There may come a time when we may feel like we’ve come up against a problem that is just too hard to overcome. Our resources are low, maybe we feel like we haven’t leveled up enough, or the story has taken an unexpected turn.
I’ve got one thing to say to you.
A sentiment that started with Dark Souls, “git gud” has often been used to dismiss a gamer’s plight during a hard game. Can’t beat the level? Git gud. You don’t like the game? Well, obviously that’s because you’re bad at it, so git gud.
While the last thing that a person who is struggling or is upset wants to be told is “just be better at it” or “this is your fault,” the sentiment of improving a particular skill or advancing in a particular area in order to achieve a goal is actually a good one. So, in honor of September’s back-to-school, we will have a six-part miniseries about how “getting good” at games can actually show you how to “get good” at life.
This mini-series will be broken up into the following parts:
Part 1: Git Smart (this one)
Part 2: Git Creative
Part 3: Git Planning
Part 4: Git Healthy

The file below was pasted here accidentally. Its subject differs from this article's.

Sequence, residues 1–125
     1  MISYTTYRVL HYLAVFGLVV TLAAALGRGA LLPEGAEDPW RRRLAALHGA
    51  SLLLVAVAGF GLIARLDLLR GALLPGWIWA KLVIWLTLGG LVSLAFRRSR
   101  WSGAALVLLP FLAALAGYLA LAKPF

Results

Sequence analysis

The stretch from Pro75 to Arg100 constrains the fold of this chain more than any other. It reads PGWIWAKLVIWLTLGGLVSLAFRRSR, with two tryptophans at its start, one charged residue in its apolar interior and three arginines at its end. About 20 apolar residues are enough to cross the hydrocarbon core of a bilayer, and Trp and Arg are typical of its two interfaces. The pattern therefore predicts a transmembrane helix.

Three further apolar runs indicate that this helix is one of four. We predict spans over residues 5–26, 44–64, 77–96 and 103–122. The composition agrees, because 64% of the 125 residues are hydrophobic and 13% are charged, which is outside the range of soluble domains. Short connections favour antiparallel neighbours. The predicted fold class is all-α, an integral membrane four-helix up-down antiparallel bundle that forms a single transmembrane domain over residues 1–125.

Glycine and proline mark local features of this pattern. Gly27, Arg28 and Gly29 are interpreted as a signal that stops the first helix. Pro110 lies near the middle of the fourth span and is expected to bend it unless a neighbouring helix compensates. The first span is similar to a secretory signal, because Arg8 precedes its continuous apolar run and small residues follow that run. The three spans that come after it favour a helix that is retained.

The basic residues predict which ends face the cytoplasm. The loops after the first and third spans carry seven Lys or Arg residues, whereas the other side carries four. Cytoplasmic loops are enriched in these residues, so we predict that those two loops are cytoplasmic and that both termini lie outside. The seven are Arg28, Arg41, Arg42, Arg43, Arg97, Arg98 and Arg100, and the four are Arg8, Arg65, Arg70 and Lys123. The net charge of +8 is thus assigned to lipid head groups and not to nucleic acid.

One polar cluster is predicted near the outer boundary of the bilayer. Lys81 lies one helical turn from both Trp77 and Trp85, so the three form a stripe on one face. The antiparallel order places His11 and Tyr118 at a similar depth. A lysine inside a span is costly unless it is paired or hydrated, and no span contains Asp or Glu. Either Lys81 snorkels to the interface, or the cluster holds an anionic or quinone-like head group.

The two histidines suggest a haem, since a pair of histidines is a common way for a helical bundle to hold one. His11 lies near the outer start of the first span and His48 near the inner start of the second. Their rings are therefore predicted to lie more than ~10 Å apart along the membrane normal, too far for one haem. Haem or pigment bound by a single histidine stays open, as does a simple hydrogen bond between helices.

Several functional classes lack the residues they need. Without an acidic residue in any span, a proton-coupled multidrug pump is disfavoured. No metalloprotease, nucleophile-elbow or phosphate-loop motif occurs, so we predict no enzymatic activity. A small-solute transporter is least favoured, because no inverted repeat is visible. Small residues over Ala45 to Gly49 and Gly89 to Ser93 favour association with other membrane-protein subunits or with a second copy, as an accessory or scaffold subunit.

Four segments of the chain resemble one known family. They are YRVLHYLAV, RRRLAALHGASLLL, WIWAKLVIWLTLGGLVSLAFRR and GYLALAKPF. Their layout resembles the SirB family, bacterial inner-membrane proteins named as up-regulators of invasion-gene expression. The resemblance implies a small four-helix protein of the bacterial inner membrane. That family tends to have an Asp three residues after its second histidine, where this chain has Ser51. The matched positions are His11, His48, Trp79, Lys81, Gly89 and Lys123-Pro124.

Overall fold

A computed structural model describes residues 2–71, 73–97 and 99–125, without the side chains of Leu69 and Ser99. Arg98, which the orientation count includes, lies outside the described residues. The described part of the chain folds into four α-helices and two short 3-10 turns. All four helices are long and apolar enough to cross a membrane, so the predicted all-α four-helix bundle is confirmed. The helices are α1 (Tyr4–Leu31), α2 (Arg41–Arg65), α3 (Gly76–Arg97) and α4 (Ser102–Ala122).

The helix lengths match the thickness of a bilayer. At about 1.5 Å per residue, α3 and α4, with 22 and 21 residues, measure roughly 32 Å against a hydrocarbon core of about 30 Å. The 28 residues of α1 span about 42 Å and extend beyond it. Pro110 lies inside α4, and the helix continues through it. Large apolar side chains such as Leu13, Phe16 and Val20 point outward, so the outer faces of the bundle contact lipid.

Part 5: Git Talking
Part 6: Git Mindful
Thanks to Fern11 for the idea!
In order to win, it’s important to know the rules of the game you’re playing. This is for any situation. Games, work, social situations: they all have rules and expectations, and it’s the people who know how to play by the rules and work them to their favor are the ones who “win” the game.
So, how does one git smart – at least in gaming?
Winging it without having any sort of plan is not usually the best option. Sure, sometimes it’s necessary to “make a run for it,” but more often than not, making a blind run for it is unsuccessful. Instead, paying attention to the environment and the story unfolding around you is a good place to start figuring out what is happening.
Often, the “story” of the situation will contain hints about what you should be doing, expectations the game may have, and even hints about the best mechanics for proceeding in the best way.